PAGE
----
Mariana Climent Vargas: I travelled to Venezuela to learn more about Cecosesola, a network of community organisations from low-income areas that produces and provides affordable goods and services to more than 100,000 families across seven Venezuelan states. I had the chance to witness how transformative their process truly is. Their approach to economic and social organisation inspires everyone who gets to know them: that things can be done in a different way.

RL: Is there a memorable moment from each of these visits that you can share with us?

AM: Going with AFIEGO staff to meet with community members and community-based organisations was certainly a highlight. Getting to speak with the community and hearing how they have worked together with the organisation to defend their rights is something we could only experience from being there. To see how they work with the communities gives a whole different meaning and connection to their job.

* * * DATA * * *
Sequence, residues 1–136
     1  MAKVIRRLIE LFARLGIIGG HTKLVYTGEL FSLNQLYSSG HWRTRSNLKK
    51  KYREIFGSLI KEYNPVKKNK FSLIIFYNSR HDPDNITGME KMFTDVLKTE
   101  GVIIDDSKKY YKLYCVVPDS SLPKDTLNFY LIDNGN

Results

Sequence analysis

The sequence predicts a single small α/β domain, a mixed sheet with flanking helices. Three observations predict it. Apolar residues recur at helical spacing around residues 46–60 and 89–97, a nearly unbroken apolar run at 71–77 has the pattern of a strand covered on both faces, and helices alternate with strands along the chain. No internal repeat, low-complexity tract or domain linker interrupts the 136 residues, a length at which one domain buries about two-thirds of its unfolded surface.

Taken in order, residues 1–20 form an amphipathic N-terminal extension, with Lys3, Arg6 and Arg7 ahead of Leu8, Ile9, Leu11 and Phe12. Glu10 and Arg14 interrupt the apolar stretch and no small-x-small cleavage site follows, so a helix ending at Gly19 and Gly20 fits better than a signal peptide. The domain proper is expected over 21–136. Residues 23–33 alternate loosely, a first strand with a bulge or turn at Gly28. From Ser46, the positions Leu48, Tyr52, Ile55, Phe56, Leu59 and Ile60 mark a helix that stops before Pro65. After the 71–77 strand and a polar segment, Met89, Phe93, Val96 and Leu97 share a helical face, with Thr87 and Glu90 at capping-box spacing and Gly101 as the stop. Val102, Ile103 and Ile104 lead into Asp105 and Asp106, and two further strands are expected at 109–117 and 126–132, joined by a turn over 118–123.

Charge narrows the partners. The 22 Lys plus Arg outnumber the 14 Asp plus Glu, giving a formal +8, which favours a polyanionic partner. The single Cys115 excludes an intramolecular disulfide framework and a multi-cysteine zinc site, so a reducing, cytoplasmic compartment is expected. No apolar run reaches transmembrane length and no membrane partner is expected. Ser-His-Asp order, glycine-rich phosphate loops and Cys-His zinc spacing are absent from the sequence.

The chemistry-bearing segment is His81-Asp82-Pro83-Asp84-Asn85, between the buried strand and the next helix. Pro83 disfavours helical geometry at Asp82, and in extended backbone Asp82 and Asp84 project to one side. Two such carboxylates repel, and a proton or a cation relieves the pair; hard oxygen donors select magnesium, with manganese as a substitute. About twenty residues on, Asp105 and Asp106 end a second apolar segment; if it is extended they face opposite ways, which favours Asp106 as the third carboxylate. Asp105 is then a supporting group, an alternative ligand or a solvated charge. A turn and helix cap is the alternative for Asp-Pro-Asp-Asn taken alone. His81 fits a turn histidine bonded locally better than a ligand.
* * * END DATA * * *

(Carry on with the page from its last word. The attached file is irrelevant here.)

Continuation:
MCV: In Venezuela, we were invited to join one of their monthly meetings, which took place in one of their food markets. We were surrounded by trees and we had the chance to see how the non-hierarchical approach works in practice. It was truly amazing to see how they implement their way of thinking in conflict resolution, budget discussions and new project ideas. We were in small groups in a circle and everyone had the chance to speak. I even felt part of the discussions! Everyone could participate and raise their voices, from the food producer to the cashiers and the doctors working at the clinic.

RL: Are the nominees aware of your visits or do you drop by spontaneously? How do you manage the language barriers when they exist?